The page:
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Work begun at the Lab goes on to win a Nobel Prize

Temporary display highlights the discovery of the elusive neutrino.
June 1, 2017
An image of our Nobel Prize temporary exhibit.

This temporary display includes an official replica of the Nobel Prize Reines received.
Clyde Cowan and Frederick Reines, two of the detectors of an elusive particle called the neutrino, spent time at the Lab. Reines arrived here for the Manhattan Project in 1944, and Cowan came to Los Alamos in 1949 after obtaining his PhD. The two worked together to learn about the long-hypothesized particle.

First theorized by Wolfgang Pauli in 1930, neutrinos are now known to be plentiful in our universe, but their existence was not proven until the work done by Reines and Cowan in 1956. The work began at the Lab and was carried out at the Savannah River Plant (another federal government laboratory) later on. As much major research is done in collaboration, the two, along with F. B. Harrison, H. W. Kruse, and A. D. McGuire (all Savannah River scientists), published a paper on the detection of the neutrino in the July 1956 issue of Science. The paper was titled “Detection of the Free Neutrino: A Confirmation.”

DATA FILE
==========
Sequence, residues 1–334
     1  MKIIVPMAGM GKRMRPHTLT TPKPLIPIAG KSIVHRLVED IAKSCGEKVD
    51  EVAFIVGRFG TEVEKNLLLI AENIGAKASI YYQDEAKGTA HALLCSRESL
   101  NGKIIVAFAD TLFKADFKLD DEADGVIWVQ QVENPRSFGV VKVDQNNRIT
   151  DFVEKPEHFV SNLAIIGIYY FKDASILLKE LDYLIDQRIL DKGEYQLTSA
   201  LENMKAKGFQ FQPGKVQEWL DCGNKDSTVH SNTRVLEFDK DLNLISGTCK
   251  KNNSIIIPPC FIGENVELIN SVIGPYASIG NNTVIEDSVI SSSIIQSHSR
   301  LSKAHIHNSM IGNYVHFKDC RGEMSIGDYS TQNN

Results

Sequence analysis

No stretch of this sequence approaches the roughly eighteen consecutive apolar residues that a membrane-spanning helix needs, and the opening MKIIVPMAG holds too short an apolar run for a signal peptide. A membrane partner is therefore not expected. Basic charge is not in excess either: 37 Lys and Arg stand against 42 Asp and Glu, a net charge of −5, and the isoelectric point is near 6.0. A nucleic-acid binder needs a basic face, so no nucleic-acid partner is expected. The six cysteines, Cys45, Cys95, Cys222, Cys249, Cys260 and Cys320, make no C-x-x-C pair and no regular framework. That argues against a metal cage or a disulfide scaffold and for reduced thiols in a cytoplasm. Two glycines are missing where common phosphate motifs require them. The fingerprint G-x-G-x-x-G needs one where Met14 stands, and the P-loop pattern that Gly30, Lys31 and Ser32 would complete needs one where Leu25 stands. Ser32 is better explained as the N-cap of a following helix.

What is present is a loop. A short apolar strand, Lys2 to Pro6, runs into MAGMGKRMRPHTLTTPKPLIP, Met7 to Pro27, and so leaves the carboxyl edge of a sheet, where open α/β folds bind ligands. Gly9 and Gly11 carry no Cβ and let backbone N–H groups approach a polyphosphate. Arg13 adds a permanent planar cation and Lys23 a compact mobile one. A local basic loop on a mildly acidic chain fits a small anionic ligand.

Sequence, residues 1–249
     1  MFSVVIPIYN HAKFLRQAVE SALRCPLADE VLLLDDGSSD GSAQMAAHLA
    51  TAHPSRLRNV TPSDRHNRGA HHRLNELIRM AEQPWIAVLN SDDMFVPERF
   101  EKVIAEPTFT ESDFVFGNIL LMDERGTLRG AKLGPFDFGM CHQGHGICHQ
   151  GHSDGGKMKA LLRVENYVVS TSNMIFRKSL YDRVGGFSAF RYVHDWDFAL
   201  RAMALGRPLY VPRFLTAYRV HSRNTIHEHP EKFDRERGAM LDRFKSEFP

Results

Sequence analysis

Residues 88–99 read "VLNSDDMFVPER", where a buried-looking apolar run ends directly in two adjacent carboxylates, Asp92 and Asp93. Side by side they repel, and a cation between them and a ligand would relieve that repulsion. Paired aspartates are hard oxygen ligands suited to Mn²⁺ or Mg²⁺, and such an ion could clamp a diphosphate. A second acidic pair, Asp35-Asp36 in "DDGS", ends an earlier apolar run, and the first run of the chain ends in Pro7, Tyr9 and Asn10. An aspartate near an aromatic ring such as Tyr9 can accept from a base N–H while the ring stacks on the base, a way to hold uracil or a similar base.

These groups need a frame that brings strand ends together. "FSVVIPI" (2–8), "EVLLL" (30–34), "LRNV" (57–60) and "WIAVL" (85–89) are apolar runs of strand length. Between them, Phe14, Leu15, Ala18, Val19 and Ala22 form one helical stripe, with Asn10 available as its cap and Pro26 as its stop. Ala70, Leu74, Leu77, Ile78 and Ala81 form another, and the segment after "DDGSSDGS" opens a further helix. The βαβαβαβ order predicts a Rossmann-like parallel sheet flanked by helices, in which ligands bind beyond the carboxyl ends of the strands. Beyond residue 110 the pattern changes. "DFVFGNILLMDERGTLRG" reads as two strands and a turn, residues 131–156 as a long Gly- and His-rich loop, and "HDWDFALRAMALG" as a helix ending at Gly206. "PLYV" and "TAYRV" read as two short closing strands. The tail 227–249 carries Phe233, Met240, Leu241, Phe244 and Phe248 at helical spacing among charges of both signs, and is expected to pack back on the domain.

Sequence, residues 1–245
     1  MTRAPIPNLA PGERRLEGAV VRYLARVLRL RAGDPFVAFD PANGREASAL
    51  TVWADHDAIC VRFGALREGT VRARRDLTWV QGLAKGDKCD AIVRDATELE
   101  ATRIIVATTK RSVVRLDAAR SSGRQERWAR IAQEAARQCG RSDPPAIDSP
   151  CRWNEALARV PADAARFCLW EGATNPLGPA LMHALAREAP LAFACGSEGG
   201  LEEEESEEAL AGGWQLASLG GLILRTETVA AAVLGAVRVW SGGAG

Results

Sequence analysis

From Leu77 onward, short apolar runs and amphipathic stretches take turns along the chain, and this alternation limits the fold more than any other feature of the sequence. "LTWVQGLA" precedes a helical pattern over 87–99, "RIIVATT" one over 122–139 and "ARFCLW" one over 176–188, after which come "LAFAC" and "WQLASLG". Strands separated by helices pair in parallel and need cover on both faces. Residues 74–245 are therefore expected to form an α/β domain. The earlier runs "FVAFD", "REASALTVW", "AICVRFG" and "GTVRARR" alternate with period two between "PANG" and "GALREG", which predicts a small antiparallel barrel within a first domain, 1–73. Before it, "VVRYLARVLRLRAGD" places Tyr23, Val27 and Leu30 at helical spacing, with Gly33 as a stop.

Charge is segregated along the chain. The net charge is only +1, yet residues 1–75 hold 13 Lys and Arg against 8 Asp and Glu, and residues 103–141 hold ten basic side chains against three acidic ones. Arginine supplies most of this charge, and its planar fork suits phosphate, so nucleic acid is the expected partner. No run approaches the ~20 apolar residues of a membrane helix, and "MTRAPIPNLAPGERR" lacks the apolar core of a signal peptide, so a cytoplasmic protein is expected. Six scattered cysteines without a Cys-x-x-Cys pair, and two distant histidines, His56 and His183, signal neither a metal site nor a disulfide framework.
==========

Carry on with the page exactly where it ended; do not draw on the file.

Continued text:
While Cowan died in 1974, Reines went on to win the Nobel Prize in Physics in 1995 for the detection of the neutrino. The Museum exhibit, currently located in our Tech Lab, includes a certificate related to the prize, some laboratory notations about their work, and an official replica of the Nobel Prize medal itself.

While the work, to some, might sound like ancient history, neutrino research continues at Los Alamos. In fact, scientists here and elsewhere are sharing a $3-million 2016 Breakthrough Prize in Fundamental Physics for work on the determination that neutrinos have mass. The Breakthrough Prize was founded in 2012 by venture capitalist Yuri Milner and has been dubbed the “XXI Century Nobel” by the media.

For more information on the contributions the Lab has made to neutrino understanding, view the 1997 issue of Los Alamos Science titled “Celebrating the Neutrino.”